The plot, modestly scaled, is set in motion by the appearance of Rebecca's much younger brother Ethan (age 23), a beautiful but flawed and directionless young man who's interested in doing "something in the arts." Ethan's brief stay with the couple in their spacious SoHo loft will upend all three lives.

"By Nightfall" is written in a combination of voices: at times there is a third person omniscient narrator, sometimes a second person interlocutor, but principally we are caught within Peter's own ruminations. The lasting effect is a story told through Peter's eyes. While this brings a unity to the novel, it also can be a handicap.
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Format: Hardcover
I thought The Hours, A Home at the End of the World, and Specimen Days were all wonderful. By Nightfall has the same beautiful prose, but it lacks many elements that make the others great.

For one, the characters just aren't that likable. In every other one of his novels, I could find something to relate to or sympathize with in every man, woman, gay, straight, young, old, contemporary, historic person. In By Nightfall, I found Peter to be pathetic, his wife flat, and his brother-in-law a whiny child.

I also like Cunningham for the deep ideas he can effortlessly mix into his stories. In this case, it was more like he was trying to mix a story into his deep idea, and it was unsuccessful. There was too much thinking about life and beauty and not enough life and beauty actually happening. On top of that, the constant musing nature let to redundant vocabulary--evanescent, crepuscular, ineffably. I like a perfect word as much as (if not more than) the next person, but when I start noticing the same words being repeated, that tells me you're trying to stretch a 30-page idea into a 230-page novel. Kind of jarring.

Perhaps I shouldn't fault Cunningham for trying to move on and do something new (based on this novel, perhaps HE is having an existential crisis over the nature of his own art), but at the same time, I really miss the triangular, interweaving stories that spoke more to me than this forceful presentation of a theme.
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Format: Hardcover
I did not find any of the characters, including the often naked young man with the nice ass (God help me) appealing; nor interesting. After endless paragraphs describing in detail the colors of every (or so it seems) neighborhood in New York City, including some of the outer boroughs, the story picks up; although before reaching the end, there is still interrupting, interfering stream of consciousness from not only the protagonist but from the narrator, sounding exactly alike. Without all of this--without the Tom Ford suits and the Prada skirt and the name of every taxi driver--it would have made a good short story. Instead, the endless parade of marching phrases, separated from one another by commas and semicolons--so that the punctuation becomes another character? or perhaps a Greek chorus?--and yet connected through the listing of everything that might make them the same; or different, if you fear death. (And isn't it human to be afraid? Especially of death.) The pseudo-philosophical ramblings on art are tepid and grow tedious (and I majored in art). The openings of parentheses are to lead us into Peter's mind, but when there are (sometimes) five to a sentence, all insipid, they do not close fast enough for me. No thought can be said once but must be doubled, perhaps tripled, with another way of saying exactly the same thing. Still. Each sentence, every word is carefully selected, almost religiously (maybe), as though it were measured by a metronome. The book is WRITTEN. And it is a chore to read.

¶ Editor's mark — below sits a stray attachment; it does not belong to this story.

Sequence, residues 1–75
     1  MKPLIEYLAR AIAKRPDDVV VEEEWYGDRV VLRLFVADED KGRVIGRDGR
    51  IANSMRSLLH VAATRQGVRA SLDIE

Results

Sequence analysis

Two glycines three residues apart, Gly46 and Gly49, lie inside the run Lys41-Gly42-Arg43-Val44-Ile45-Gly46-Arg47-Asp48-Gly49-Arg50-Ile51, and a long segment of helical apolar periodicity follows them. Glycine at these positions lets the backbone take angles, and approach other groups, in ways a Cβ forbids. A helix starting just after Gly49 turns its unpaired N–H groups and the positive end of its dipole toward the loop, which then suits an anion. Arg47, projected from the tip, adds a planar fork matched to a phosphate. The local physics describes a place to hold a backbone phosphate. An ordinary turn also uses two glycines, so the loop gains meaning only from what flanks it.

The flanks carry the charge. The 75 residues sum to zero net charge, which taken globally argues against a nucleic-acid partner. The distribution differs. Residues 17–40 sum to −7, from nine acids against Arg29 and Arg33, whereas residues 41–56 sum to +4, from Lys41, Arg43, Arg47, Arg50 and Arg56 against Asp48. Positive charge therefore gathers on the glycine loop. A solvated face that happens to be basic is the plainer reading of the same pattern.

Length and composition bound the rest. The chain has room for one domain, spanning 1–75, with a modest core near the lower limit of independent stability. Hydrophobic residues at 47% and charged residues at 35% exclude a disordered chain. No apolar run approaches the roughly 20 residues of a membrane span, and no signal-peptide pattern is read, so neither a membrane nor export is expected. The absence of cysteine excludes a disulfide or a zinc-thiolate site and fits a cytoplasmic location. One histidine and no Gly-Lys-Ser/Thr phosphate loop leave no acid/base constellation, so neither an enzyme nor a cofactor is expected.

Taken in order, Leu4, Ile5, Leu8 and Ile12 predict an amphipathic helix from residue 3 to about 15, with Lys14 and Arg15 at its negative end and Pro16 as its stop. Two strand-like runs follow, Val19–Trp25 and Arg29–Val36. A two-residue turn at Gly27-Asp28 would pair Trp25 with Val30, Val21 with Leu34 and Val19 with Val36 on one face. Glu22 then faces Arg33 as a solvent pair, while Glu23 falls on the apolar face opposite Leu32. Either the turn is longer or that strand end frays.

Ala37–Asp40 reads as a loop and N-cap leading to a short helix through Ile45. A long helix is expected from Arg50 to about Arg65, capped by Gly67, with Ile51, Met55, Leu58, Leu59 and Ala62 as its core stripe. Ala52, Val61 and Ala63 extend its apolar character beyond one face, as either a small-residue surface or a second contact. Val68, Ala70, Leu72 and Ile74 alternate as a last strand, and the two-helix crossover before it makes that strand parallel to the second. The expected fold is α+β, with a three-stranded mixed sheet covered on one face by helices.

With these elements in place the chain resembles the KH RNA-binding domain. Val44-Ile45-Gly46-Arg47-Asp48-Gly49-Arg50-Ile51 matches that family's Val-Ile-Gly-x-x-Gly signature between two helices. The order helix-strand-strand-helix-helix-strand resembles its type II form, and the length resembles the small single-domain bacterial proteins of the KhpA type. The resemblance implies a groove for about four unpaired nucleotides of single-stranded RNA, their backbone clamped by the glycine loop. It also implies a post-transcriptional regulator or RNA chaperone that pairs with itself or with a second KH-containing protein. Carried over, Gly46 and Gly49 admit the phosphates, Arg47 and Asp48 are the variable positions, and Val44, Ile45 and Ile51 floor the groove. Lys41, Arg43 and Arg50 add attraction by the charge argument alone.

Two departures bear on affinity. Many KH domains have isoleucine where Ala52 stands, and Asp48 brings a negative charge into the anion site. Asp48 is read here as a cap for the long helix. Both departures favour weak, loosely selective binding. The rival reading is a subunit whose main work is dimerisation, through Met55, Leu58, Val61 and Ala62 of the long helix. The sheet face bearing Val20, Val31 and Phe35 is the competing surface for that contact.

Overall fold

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...and a sigh is just a sigh and unfortunately, By Nightfall is one big sigh. You labor through this short novel and at the end all you can say is who cares. Being a fool for love is only interesting when we care about the fools and in this novel all of the fools are just remote. The writing is so pretentious and silly that it almost makes you angry. The book is also filled with typos, incorrect words and and a couple of glaring mistakes, for instance when we are told Peter is wearing a charcoal polo shirt under a suit, but as he is stripping down in his kitchen he removes his jacket and trousers and unbuttons his shirt. I am sure this all sounds trivial, but so is this novel.